Tolerance is the Magna Carta; tolerance is John Stuart Mill, the Non-Conformists, the Suffragettes, Alan Turing, Quentin Crisp, Sid Vicious and Vivienne Westwood.

Tolerance is the creation, lauding and awarding of a TV spot that would never even get thought of in the US, let alone commissioned.

Tolerance is Britain and Britain is tolerance.

Tolerance is what makes cultures – national, tribal, corporate – truly sustainable.

So let’s stop ‘being offended’ and start ‘being tolerant’; reclaim it as our own.

Apart from anything else, tolerance makes the world a kinder, more fun and inextricably more creative place.

Nick Jefferson is a partner with advisory firm, Monticello LLP, and a curator of The Library of Progress.

 

Why Do You Build Me Up, Buttercup?

‘What on earth do you think you’re doing?,’ snarled the imperious, plump little woman from behind her clipboard.

‘Hi’, my friend grinned. ‘Just taking a picture of the brilliant model’, he said, genuinely. For he wasn’t just anywhere. He was deep within his employer’s ‘Creativity Lab’.

(Let the record show that the ‘Creativity Lab’ is no ordinary corporate workspace. Oh no. No grey furniture, no drab pastels here. The ‘Creativity Lab’ is all brightly coloured bean bags, and squidgy balls; PostIt notes and trail-mix.)

And there, in the heart of what to the outside world might have looked like a regular corporate meeting room hurriedly filled with some hideously clichéd ‘creative’ accoutrements (because it was), was the offending model.

I’ve seen the picture. It was, indeed, brilliant: a searing tower of Meccano excellence. You could say it was the poster child (at least for this corporation) of what the ‘Creativity Lab’ was all about – the chance to break out, to explore a different way, to offer and experience a flash of colour (and perhaps even insight) in an otherwise dull world.

And yet the beady-eyed little woman was aghast.

‘Did you make that? No one is supposed to use the Meccano. It makes a real mess of the room. We can’t have that. You’ll need to dismantle it. Straightaway.’

Her brusque tone left no doubt in my pal’s mind. She definitely wasn’t joking.

But she should have been.

Making your corporate culture one that is more creative is not a luxury. It is business critical. In the 21st Century, success, in part, is defined by how differently you can think.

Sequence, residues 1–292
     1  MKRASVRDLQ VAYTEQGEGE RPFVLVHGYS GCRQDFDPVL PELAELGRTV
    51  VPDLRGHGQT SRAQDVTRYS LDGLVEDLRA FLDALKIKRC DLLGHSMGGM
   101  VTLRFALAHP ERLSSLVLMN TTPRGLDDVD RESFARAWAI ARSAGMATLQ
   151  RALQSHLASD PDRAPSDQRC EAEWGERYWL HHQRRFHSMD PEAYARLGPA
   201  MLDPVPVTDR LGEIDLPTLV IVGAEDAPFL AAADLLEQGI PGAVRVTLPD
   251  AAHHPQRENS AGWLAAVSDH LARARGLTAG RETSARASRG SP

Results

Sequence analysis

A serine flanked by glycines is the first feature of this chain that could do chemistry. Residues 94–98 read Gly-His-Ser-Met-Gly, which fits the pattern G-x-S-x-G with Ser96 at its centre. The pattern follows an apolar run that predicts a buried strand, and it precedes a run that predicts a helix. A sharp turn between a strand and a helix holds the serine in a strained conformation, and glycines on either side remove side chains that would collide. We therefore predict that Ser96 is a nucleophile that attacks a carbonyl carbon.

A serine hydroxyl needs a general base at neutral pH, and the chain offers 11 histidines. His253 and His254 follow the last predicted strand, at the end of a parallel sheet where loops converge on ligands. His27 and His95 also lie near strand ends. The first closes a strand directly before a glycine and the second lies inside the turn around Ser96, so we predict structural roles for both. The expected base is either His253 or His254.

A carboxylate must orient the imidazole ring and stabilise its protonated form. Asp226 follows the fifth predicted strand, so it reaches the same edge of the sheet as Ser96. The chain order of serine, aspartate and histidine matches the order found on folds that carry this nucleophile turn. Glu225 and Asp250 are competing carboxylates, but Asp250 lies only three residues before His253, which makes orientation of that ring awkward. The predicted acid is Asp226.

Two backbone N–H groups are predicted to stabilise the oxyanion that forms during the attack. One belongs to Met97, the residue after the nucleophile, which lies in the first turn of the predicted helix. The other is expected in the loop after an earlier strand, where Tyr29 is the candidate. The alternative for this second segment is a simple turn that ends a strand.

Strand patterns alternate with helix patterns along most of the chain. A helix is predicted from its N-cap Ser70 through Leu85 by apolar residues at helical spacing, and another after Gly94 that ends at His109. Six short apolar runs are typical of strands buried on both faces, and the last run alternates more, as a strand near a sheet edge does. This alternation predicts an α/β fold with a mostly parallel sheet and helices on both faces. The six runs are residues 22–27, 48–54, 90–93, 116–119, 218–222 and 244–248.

That mindset has to come from within. Each person in your business needs to live it, breathe it; nurture it. The fragile flower of creativity needs the light and warmth of tolerance, diversity and fun in order to grow. Not the suffocation of the Poujadiste, risk-averse, computer-says-no mentality of an idiot with a clipboard.

The whole idea of a ‘Creativity Lab’ is, for my money, absurd. Creativity does not have a ‘place’, for a start.

But if you are going to ram A. N. Other meeting room choc-a-bloc with things that you earnestly (if misguidedly) believe are going to make your people more ‘creative’, then, erm, shouldn’t you at least let them use them?

Nick Jefferson is a partner with Monticello LLP, the advisory firm working across Brand, Culture and Digital, and a curator of The Library of Progress.

 

Let It Go. Let It Go. And I’ll Rise Like The Break Of Dawn.

One of our partners, Nick Jefferson, was recently invited to speak to a group of the world’s most powerful Chief Procurement Officers.

Here is the text of what he said…….

‘Tonight I’d like to talk to you a little about the ‘3Cs’:

  • Culture
  • Creativity
  • Communication

Continue reading “Let It Go. Let It Go. And I’ll Rise Like The Break Of Dawn.”

Heigh-Ho! Heigh-Ho! It’s Off To Work We Go.

The typical successful American probably isn’t, in reality, any more productive than your typical successful Brit, or any other nationality for that matter.

But what is different is the propensity within a certain strand of our cousins across the pond to talk about work; seemingly at every possible opportunity.
Continue reading “Heigh-Ho! Heigh-Ho! It’s Off To Work We Go.”

Night Divides The Day.

My poor family.

As if mile upon mile of Pacific Coast Highway with only the ‘Tapping Game’ (a spectacularly under-rated form of in-automobile entertainment in which ‘Tappees’ barely notice the hours as they try to guess which particular tune the ‘Tapper’ is knocking out on the dashboard, window, etc) to break up the boredom wasn’t bad enough, yesterday I subjected them to over an hour of ‘Speaking Personally: Aldous Huxley.’

Continue reading “Night Divides The Day.”

I Don’t Know Where The Lights Are Taking Us. But Something In The Night Is Dangerous.

The middle of nowhere takes a long time to get to.

Especially when it’s in Devon, and you’re in London.

But it was worth it. Continue reading “I Don’t Know Where The Lights Are Taking Us. But Something In The Night Is Dangerous.”

‘Let Them Eat Cake’, She Says. Just Like Marie Antoinette.

Some say the centre of Paris is prettier than the centre of London. That may or may not be true. What is true is that physically Paris has changed a lot less than its British counterpart in the last 150 years.

Continue reading “‘Let Them Eat Cake’, She Says. Just Like Marie Antoinette.”

I Am He As You Are He As You Are Me. And We Are All Together.

In 2013, at least on one reading, the heart of the creative world was knifed; violently, and by one of its own.

Continue reading “I Am He As You Are He As You Are Me. And We Are All Together.”